Large Companies and Climate Change Denial

The largest company in the world, ExxonMobil, produces oil and gas and a recent article by Shannon Hall, in Scientific American32 reports that this company was aware of climate change as early as 1977, before it became a public issue.  The company then spent decades refusing to publicly acknowledge climate change and even promoted climate misinformation.  Hall likens this approach to the lies spread by the tobacco industry regarding the health risks of smoking.  Exxon became a leader in campaigns of confusion and helped create a Global Climate Coalition to question the scientific basis for concern about climate change.  It also lobbied to prevent the USA from signing the Kyoto Protocol in 1998 (to control greenhouse gases), also influencing other countries, such as China and India, not to sign as well.  It has spent $30 million on think tanks that promote climate denial, according to Greenpeace. Hall’s article provides data that suggests that half of the greenhouse gases in our atmosphere have been released since 1988.  If ExxonMobil had been upfront about the issue in those early years, there could have been so much more progress on climate change than there has been.  The company obviously had vested interests in opposing the scientific evidence but they now have a lot to answer for. And there are now rumours that Shell is under investigation for doing a similar thing.

It has recently been reported that one of the major American charitable foundations (Rockefeller Family Fund) has announced that it will cease to invest its funds in fossil fuels and, in doing so, made the following statement: “We would be remiss if we failed to focus on what we believe to be the morally reprehensible conduct on the part of ExxonMobil”.33

Table 3 shows that there are three energy companies amongst the 10 largest companies in the world and the top British company, BP, is the 17th largest in the world.  Energy companies obviously have much to lose once the issue of carbon emissions is properly dealt with by global agreements to reduce them.  ExxonMobil would have better spent their $30 million researching into new forms of renewable energy; it is currently worth more than $300 billion.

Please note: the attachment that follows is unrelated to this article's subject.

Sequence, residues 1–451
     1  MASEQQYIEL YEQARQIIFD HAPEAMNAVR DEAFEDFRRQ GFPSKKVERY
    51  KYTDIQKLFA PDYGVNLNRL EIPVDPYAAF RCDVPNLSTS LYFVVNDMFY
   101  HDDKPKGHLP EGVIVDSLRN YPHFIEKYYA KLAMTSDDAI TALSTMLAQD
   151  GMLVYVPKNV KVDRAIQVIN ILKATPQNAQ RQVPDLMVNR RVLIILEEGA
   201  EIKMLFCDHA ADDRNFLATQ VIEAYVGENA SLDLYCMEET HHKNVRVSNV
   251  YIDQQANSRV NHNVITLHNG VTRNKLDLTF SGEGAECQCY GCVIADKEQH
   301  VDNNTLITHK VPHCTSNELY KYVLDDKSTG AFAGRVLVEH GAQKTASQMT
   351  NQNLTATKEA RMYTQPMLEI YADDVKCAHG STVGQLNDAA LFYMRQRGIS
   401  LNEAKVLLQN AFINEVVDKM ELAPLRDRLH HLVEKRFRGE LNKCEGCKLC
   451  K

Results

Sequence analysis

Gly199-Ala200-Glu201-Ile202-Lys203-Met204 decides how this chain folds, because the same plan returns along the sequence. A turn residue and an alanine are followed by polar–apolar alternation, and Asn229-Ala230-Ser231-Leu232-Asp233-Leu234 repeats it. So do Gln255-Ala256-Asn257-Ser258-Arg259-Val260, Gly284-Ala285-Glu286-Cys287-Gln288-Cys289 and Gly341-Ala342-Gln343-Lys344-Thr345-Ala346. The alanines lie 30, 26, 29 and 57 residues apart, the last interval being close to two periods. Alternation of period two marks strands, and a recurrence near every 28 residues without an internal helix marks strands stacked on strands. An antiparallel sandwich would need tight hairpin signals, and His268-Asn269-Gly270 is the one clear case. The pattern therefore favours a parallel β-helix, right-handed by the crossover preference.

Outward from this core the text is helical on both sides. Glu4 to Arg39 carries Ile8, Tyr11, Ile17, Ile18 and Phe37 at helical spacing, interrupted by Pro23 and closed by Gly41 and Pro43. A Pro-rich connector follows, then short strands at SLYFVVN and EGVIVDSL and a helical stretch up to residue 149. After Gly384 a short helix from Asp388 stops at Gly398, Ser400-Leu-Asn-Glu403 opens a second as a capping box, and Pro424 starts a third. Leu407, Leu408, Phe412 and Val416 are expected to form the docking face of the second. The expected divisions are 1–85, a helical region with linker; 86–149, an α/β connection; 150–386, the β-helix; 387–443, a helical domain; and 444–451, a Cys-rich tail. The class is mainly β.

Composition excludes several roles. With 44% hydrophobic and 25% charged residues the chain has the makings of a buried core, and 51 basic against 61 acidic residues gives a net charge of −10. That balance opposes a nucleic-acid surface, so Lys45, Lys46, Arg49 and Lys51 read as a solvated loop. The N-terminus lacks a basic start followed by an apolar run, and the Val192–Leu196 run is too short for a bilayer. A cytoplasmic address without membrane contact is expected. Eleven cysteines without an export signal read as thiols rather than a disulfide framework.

Table 3: Largest 25 companies in the world (from google images and http://bespokeinvest.typepad.com/bespoke/2009/04/largest-companies-in-the-world.html)

25biggest

Carbon Majors – the companies who emit the most greenhouse gases

90 carbon majors have been identified as being the major emitters of the greenhouse gases that are primary drivers of climate change.  Since 1751, they have produced 65% of the world’s total industrial carbon dioxide emissions according to a study by Richard Heede of the Climate Accountability Institute34.  The 90 majors include 50 private companies, 31 state-owned companies and 9 nations. Twenty-one are based in the US, 17 in Europe (five in the UK), six in Canada, two in Russia and one each in Australia, Japan, Mexico and South Africa. Of the state-owned companies, Saudi Aramco has the highest emissions, followed by Gazprom (Russia), National Iranian Oil Company, Pemex (Mexico) and British Coal. The top 10 carbon majors are:

Chevron USA, ExxonMobil USA, Saudi Aramco Saudi Arabia, British Petroleum (BP) UK, Gazprom Russian Federation, Royal Dutch Shell, National Iranian Oil Company Iran, Pemex Mexico, British Coal Corporation UK and ConocoPhilips USA  For full details of these companies, and where they rank, are given by Greenpeace35.